How to Setup Linux Etherchannel Bonding for Network Interface HA

by Karthikeyan Sadhasivam on June 17, 2014

In Linux, using etherchannel bonding you can combine two or more physical network interfaces (NIC) together to create a virtual interface.

The IP address will be configured on this virtual interface. If one of the underlying physical adapters goes down, then the other physical adapter is used to handle the communication traffic.

The following are different types of etherchannel bonding modes:

  • Mode 0 – Round-robin (RR) policy: Packet transmissions is done in a sequential order. For ex, the first packet is transmitted using the interface and second packet is done through next interface and so on. This mode provides load balancing and fault tolerance.
  • Mode 1 – active-backup policy: Packet transmission happens only through the active interface and the traffic is routed through the backup interface only when the active interface went down.
  • Mode 2 – XOR policy: This mode balances outgoing traffic across the active ports. In this mode the same slave is used for transmission for each destination MAC address. This provides load balancing and fault tolerance.
  • Mode 3 – broadcast policy: This transmits everything on all slave interfaces. This mode provides fault tolerance.
  • Mode 4( 802.3ad ): This mode is used to create the link aggregation groups that share the same speed and duplex settings.
  • Mode 5( balance-tlb ): Adaptive transmit load balancing. The outgoing traffic is distributed based on the current load on each slave. Incoming traffic is received by the current slave. If the current slave fails, then another slave takes over the incoming traffic based on MAC address.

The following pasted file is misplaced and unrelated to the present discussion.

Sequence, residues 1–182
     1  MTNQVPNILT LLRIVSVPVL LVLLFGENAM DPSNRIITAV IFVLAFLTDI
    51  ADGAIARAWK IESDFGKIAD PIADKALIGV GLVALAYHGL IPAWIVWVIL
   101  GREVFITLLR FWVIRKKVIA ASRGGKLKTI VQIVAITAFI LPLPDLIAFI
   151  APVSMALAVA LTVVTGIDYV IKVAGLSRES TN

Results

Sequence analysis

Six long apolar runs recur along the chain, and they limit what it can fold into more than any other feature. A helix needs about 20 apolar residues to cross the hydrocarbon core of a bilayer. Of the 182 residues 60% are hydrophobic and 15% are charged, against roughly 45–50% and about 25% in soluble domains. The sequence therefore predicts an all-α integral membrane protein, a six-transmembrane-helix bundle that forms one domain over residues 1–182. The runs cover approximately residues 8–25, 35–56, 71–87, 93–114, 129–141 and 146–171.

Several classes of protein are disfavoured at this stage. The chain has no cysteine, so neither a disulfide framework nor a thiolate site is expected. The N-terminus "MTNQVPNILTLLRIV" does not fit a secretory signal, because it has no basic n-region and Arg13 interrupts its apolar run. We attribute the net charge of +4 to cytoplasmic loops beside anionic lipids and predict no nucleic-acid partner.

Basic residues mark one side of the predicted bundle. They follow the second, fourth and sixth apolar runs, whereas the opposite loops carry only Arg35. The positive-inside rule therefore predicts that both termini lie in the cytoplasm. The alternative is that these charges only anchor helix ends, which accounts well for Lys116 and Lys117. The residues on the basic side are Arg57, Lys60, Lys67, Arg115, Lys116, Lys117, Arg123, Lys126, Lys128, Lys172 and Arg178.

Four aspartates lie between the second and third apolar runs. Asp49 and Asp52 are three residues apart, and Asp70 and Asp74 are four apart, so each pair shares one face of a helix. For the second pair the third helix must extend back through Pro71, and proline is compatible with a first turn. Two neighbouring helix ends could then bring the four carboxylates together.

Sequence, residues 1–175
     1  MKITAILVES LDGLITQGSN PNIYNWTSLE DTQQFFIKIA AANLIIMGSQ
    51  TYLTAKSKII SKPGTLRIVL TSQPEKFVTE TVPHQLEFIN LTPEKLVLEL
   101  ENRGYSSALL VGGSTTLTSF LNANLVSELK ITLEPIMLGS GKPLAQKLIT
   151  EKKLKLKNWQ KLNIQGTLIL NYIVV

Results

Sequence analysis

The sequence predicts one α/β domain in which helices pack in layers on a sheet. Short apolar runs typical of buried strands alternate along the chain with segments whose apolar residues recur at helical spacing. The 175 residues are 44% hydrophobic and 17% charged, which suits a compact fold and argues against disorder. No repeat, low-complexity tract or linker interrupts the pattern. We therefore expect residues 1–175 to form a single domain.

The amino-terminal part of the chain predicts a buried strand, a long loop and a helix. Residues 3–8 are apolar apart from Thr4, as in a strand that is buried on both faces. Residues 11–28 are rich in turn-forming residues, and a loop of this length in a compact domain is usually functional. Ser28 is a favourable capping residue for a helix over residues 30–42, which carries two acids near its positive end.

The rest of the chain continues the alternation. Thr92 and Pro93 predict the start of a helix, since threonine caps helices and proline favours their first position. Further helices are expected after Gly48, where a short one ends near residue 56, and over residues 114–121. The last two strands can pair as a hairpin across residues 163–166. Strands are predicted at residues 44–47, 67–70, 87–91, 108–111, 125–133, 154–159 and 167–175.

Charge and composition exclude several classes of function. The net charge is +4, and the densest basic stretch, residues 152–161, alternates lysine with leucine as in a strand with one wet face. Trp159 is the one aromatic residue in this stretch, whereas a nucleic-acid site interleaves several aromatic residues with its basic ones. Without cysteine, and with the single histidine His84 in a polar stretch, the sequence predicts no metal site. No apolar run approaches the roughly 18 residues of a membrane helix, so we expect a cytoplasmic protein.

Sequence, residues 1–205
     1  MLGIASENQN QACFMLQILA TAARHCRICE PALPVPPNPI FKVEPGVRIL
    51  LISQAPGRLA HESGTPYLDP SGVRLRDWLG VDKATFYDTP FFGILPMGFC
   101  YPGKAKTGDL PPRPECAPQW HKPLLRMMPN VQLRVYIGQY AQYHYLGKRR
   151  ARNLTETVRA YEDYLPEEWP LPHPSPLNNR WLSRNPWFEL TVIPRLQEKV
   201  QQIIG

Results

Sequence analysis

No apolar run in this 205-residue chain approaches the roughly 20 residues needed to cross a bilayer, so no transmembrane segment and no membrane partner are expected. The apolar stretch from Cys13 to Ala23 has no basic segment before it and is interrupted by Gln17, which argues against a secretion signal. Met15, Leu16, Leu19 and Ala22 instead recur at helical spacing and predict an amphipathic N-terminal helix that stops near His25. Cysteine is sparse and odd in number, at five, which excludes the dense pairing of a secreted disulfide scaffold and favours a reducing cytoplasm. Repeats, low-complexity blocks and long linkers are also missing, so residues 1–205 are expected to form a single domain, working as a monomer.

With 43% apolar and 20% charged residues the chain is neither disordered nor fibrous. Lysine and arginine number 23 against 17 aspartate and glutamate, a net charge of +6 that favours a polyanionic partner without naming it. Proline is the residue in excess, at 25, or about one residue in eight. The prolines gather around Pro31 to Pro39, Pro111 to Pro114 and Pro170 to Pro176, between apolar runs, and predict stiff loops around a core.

• Mode 6( balance-alb ): Adaptive load balancing. In this, the incoming traffic is handled to use load balancing across all the slaves. The receive load balancing is done through ARP negotiation.

Configure Bonding in Redhat or CentOS

1. Create ifcfg-bond0 File

All the network configuration scripts are located under /etc/sysconfig/network-scripts in RHEL. Verify the link status of the interfaces using the command “ethtool ”

Create a file ifcfg-bond0 with the below values and replace with correct IP, NETMASK and the appropriate bonding mode ( mode 0, 1 ,2 …) like the below.

# cd /etc/sysconfig/network-scripts

# vi ifcfg-bond0
DEVICE=bond0
IPADDR=19.86.101.120
NETMASK=255.255.255.0
ONBOOT=yes
BOOTPROTO=none
USERCTL=no
BONDING_OPTS="mode=1 miimon=100"

2. Modify ifcfg-eth0 and ifcfg-eth1 Files

Edit the network interface files for eth0 & eth1 to reflect entries similar to the following. Make sure you have MASTER and SLAVE parameters defined as shown below.

# cat ifcfg-eth0
DEVICE=eth0
HWADDR=00:50:56:8E:0C:10
MASTER=bond0
SLAVE=yes
ONBOOT=yes
USERCTL=no
BOOTPROTO=none

# cat ifcfg-eth1
DEVICE=eth1
HWADDR=00:50:56:8E:0C:2A
MASTER=bond0
SLAVE=yes
ONBOOT=yes
USERCTL=no
BOOTPROTO=none

3. Create bonding.conf File

Create the bonding.conf file with the following content.

# vi /etc/modprobe.d/bonding.conf
alias netdev-bond0 bonding

4. Restart Network Service and Verify Bonding

Restart the network services:

service network restart

Verify the bonding status as shown below.

The following indicates that the current bonding mode is fault-tolerance.

# cat /proc/net/bonding/bond0
Ethernet Channel Bonding Driver: v3.6.0 (September 26, 2009)

Bonding Mode: fault-tolerance (active-backup)
Primary Slave: None
Currently Active Slave: eth0
MII Status: up
MII Polling Interval (ms): 100
Up Delay (ms): 0
Down Delay (ms): 0

Slave Interface: eth0
MII Status: up
Speed: 10000 Mbps
Duplex: full
Link Failure Count: 0
Permanent HW addr: 00:50:56:8e:0c:10
Slave queue ID: 0

Slave Interface: eth1
MII Status: up
Speed: 10000 Mbps
Duplex: full
Link Failure Count: 0
Permanent HW addr: 00:50:56:8e:0c:2a
Slave queue ID: 0

You can perform the test by bringing down one interface, seeing that other interface will be active one and vice-versa.

Configuring Bonding on SuSE Linux

To configure bonding on latest version of SuSE, you can either use YaST or alternatively you can modify the system files as shown below:

Verify the active interfaces using the following command:

ethtool  eth0 | egrep "Speed|Duplex|Link"

If the Speed, duplex & Link status is unknown then the interface may be in down status. Try to bring up the interface using “ifconfig up”. If you still do not see the link then the interface is not connected to the switch.